The rest of my time has been filled with typical day-to-day events. Shopping for necessities, getting bit by some type of bug, trip to the pharmacy for ointment for said bite, working out and some massage training. Despite a lack of a true itinerary, my days have seemed to pass quickly and I somehow have reached the end of another week according to the calendar.

Stopping to Smell the Flowers

Ratchaphruek park, also known as the Royal Flora garden, was established to host the 2006 Chiang Mai floral exhibition. The exhibition featured 30 international gardens and several corporate sponsored gardens displaying flora specific to the countries. Granted, dry season on the hottest day my entire week in Chiang Mai might have not been the ideal day to go to a flower garden. But still I went since I had never been and I needed something to do. Plus it gave me a chance to get out and ride around.

The orchid display was beautiful. So many different colors and shapes of orchids, plus shade and cool. The international gardens were interesting. Despite the lack of actual flowers, each garden contained statuary representative of that country that made it worth walking around. I’m sure it would even be better in cool season.

Finding relief from the hot sun during my 3 hour visit posed a bit of a challenge. Some respite from the heat was found in the mist from the sprinklers watering the landscape. Bug World and the Lanna style house also offered some shade. The greatest relief from the heat was found in the appropriately named Shaded Paradise. Filled with plants and flowers found under the canopy of the rainforests mixed with interesting statuary made it easy to spend a great deal of time walking around.

As one of the few, if not the only, caucasian farang (foreigner) in the park, I ended up being the subject of a couple of photo opportunities. As I was looking at the Buddha images, including one for Songkran, a hospitality employee encouraged me to pour water on the image for good luck. He took a picture of me pouring the water. Then I ran onto him again along with the group of performers dressed in traditional Thai outfits looking utterly gorgeous with their red dresses, matching umbrellas, and beautiful hair and makeup. He insisted that I have my picture taken with the group, which involved about 3 people taking pictures with an assortment of cameras.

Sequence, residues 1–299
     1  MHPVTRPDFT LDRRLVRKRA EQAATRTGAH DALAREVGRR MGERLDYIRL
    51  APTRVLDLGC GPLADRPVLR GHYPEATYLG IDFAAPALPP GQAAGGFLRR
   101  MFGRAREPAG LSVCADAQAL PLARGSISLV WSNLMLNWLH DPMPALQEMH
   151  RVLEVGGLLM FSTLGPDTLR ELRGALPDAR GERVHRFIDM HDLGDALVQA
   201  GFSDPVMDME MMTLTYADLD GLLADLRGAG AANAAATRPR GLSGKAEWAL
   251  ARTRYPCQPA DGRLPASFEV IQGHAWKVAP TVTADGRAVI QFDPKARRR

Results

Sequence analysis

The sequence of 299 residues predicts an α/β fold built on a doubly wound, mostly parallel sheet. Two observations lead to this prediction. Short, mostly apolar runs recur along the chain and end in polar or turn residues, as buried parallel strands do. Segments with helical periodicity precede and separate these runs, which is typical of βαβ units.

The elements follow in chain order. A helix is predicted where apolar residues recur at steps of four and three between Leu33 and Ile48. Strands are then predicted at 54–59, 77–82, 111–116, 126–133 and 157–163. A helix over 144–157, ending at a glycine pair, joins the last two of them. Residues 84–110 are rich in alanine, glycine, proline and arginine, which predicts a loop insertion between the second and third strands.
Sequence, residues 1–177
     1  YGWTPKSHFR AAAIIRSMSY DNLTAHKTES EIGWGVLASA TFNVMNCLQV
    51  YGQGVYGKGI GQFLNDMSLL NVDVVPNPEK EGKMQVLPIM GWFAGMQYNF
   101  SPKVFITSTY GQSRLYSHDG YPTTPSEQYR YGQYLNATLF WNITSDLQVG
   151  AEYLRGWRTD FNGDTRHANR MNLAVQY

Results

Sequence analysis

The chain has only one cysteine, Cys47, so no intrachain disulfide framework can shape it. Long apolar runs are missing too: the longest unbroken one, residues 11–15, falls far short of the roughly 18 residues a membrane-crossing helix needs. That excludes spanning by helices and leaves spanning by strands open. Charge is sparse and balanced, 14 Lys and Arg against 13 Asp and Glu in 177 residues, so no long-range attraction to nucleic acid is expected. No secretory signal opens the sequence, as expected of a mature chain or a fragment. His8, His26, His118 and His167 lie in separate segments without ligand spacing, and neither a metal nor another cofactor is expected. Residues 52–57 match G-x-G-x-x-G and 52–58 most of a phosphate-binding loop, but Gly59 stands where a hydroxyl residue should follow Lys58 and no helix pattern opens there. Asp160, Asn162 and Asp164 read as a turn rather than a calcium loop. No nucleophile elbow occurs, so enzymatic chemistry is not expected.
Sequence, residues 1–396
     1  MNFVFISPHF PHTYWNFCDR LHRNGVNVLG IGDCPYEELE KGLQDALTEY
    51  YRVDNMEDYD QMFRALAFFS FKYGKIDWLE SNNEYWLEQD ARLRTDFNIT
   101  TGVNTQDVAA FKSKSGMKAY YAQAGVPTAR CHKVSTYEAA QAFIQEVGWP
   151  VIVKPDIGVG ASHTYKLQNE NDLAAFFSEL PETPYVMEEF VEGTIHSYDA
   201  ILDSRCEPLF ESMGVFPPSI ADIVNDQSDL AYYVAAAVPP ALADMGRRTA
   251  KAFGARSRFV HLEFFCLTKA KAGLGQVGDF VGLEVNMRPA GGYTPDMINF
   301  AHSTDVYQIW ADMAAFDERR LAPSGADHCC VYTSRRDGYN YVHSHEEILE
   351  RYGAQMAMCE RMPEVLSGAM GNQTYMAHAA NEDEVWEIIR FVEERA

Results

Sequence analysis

Let the Water Festival (Fight) Begin

Songkran is the traditional Thai New Year, also known as the Water Festival. The name Songkran comes from the Sanskrit word “sangkranata” which means to move or change. At the root, Songkran is a religious holiday although today the religious origins are largely overlooked. Water is poured on Buddha images for cleansing and good luck. Sand is brought to the temples, as a way to return all the sand that is taken on your shoes from each visit throughout the year. The sand is made into giant chedi shaped sand castles and decorated with colorful flags. And many Thai use this time to clean their homes and make resolutions to do good deeds during the coming year. Water is poured on friends and family to represent cleansing and baby powder is smeared on faces to represent the fresh and good smell after a cleansing.

Chiang Mai has become one of the prominent locations to celebrate Songkran for Thai and tourists. If you don’t want to be completely drenched by buckets of water and super soaker squirt guns, do not leave your guest house or hotel! Monks are pretty much the only people exempt from soaking. While there are some “rules” followed by Thais, these rules are unfortunately widely disregarded by tourists. Some of the rules include not hitting people in the eyes with water, motorbikes are generally exempt or only the lower body or passenger are targeted, young babies or small children should only have watered sprinkled on them, and after sundown is understood to be a general ceasefire. Songkran lasts several days, and according to locals it seems to last longer each year. This year Songkran started on the 12th.

The 13th was my main day for experiencing Songkran. Navigating the city by motorbike took some special skills and was a solid test of my knowledge of Chiang Mai streets. My friend Alison and I ventured out to some temples in the morning before the craziness really started. Even on back roads it was impossible to not get drenched. On one street, a mischievous official walked out into the road and signaled us to slow down so he could pour water down our backs. Kids with their large buckets of water or hoses meant a lot of splashing. And every time we got splashed or sprayed, Alison would giggle. Trying to get back to our guest house took some serious motorbike skills to negotiate the near standstill traffic and also completed our drenching.